Greg Dallas shares his process creating a new play with Warts and All Theatre’s The Collective. Follow the action month by month with The NeneQuirer
When it comes to making a broth, you can, according to the idiom, have too many cooks; while if you’re going on a date, two’s company, but three’s definitely a crowd. However, when it comes to collaborative theatre making, it would seem that the more collaborators you have, the merrier it’s gonna be.
At least that’s what Christopher Elmer-Gorry, the artistic director of Warts and All Theatre told me before my carefully crafted theatrical piece was subjected to a collective mauling by the performers group that meets every Tuesday evening at Foodies.rocks in Northampton. It would be an exaggeration to say that I felt like a Christian thrown to the lions, but it certainly felt a little like an inquisition, albeit without the thumb screws.
It should be remembered that I had volunteered for this and that an excerpt of my play had been chosen at July’s Scuff Night to be one of two that were going to be developed by the group and hopefully performed in the March of 2018. I knew what I’d let myself in for, but it still didn’t change the fact that my heart was beating a little faster than usual when I turned up for the first session. I had been encouraged by the fact that Chris had said we should “take our own ego as artists out of the equation” and share the process with others, but somehow my ego was still adamant that my integrity as a budding playwright might be in question.
Before getting down to the nitty gritty of examining the two scenes which I had brought to the group, we were asked to pair up and create a small dialogue in which we clearly expressed to our partners how we were feeling by just having two lines each. My partner Dan and I came up with a scene which involved him being extremely happy while mine involved me replying how anxious I felt that day. Not a million miles from the truth. We were then asked to recreate the same scene but this time only with exaggerated actions to sum up our feelings.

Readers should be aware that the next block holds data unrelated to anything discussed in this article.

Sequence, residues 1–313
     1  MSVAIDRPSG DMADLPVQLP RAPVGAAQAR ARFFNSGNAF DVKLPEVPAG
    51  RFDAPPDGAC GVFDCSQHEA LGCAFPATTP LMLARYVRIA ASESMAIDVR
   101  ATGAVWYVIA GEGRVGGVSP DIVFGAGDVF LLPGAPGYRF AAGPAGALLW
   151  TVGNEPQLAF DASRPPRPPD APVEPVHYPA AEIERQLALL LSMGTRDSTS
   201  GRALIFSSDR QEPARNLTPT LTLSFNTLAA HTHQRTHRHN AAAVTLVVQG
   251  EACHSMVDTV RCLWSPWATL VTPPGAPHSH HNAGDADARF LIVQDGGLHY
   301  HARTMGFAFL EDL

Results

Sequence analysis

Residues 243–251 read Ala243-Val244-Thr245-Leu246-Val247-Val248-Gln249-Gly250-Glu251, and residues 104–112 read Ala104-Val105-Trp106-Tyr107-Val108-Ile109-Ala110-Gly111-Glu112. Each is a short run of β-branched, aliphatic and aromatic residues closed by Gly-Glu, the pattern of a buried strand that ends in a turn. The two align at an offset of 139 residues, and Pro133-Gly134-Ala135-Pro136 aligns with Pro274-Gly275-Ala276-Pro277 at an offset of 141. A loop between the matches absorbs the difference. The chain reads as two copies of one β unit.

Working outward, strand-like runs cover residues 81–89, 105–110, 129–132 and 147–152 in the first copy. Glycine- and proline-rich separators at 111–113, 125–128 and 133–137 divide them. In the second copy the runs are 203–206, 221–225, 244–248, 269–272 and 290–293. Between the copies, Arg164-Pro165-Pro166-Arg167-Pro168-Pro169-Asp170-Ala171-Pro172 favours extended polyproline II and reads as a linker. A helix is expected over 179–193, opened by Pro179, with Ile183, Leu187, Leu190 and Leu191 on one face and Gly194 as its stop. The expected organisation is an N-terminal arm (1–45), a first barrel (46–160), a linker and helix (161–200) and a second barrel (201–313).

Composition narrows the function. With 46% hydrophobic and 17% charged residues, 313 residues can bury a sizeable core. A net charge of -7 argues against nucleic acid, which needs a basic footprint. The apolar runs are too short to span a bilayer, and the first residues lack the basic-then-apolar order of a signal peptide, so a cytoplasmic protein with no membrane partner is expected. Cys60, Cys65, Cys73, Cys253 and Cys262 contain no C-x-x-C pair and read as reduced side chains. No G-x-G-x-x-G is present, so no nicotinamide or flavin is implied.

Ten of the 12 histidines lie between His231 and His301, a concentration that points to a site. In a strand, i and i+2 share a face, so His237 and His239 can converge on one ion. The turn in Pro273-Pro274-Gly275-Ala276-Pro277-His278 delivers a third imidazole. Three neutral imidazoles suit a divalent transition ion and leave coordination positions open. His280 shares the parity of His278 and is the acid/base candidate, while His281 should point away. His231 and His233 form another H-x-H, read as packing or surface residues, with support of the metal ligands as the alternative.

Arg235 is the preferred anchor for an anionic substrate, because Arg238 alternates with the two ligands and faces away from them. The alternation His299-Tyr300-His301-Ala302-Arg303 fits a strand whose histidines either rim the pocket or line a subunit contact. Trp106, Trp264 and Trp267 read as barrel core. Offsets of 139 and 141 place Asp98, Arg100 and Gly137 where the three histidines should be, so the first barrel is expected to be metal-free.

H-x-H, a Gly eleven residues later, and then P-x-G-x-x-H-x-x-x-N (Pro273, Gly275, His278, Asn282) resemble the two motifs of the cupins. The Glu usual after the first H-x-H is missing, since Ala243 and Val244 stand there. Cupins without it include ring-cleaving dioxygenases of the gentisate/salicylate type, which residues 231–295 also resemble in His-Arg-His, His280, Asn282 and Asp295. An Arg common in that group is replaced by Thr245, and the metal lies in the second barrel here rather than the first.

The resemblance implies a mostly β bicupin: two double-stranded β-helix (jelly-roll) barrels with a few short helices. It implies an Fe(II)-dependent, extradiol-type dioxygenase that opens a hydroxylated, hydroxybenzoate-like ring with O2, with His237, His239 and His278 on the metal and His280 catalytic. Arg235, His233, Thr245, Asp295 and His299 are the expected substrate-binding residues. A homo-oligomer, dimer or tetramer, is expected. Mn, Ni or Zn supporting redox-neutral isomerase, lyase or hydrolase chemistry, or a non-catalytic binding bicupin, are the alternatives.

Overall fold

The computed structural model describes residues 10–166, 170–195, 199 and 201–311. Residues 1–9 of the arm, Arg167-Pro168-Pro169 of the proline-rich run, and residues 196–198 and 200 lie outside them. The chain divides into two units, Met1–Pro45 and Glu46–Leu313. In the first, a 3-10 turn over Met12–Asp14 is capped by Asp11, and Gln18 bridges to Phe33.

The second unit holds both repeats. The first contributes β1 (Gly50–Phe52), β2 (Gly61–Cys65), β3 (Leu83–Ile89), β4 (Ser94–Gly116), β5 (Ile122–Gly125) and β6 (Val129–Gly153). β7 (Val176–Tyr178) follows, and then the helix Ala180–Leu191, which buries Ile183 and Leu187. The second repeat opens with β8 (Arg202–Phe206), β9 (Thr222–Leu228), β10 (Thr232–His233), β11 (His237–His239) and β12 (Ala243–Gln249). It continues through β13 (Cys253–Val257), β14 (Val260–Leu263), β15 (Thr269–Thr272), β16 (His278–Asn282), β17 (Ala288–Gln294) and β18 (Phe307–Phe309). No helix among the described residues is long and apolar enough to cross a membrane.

When we performed these scenes to each other it very soon became obvious that our pieces were pantomime like and lacking in any subtlety whatsoever. It was only when we were asked to revisit the scenes and replace our feelings with simple everyday lines and tone down the actions that we realised how this produced theatrical pieces with a subtext of meaning, but which didn’t have to be explicitly stated. I was already starting to realise how my own two scenes were in desperate need of the same kind of theatrical treatment.
When we got round to reading through the two scenes, I soon became aware that the dialogue I had created was in places far too explicit. The first read through of something you have written can be quite excruciating. That line that seemed so carefully crafted, now seemed clunky and lacking in rhythm. An inner voice tells you, “no one speaks like that, do they?”
Chris asked various members of the group to take on different roles and others were instructed to click their fingers when some new piece of information was provided by a character.
This immediately gave me a good idea as to which of the lines might be superfluous and which were moving the story on. However, the most helpful exercise was when the performers were asked to shout out, “yeah, we get it”, if they felt a piece of dialogue was overstating a point or reiterating something that had already been said. When you are working on a piece in a back bedroom at home you often lose sight of these repetitions, so it was great to see it on its feet and hear the reactions of the group.
I was encouraged by the enthusiastic comments for some parts of the scenes but was also happy to take on board some very constructive criticism. Chris was keen to let me know that I could accept as many or as few of the comments as I wished and that ultimately decisions about the play and its direction were mine.
It really was an exciting and invigorating process and rather than being deflated by the evening’s events I actually felt spurred on to approach the pieces anew and turn them into tighter theatrical scenes.
Maybe, I thought, this collaborative working is not so bad after all. It would seem that you can make a theatrical broth with lots of cooks, as long as the recipe writer keeps tasting it as we go along and has the final decision as to what ingredients are going in.
Deep Freeze by Greg Dallas will be presented by Warts and All Theatre’s The Collective in 2018.
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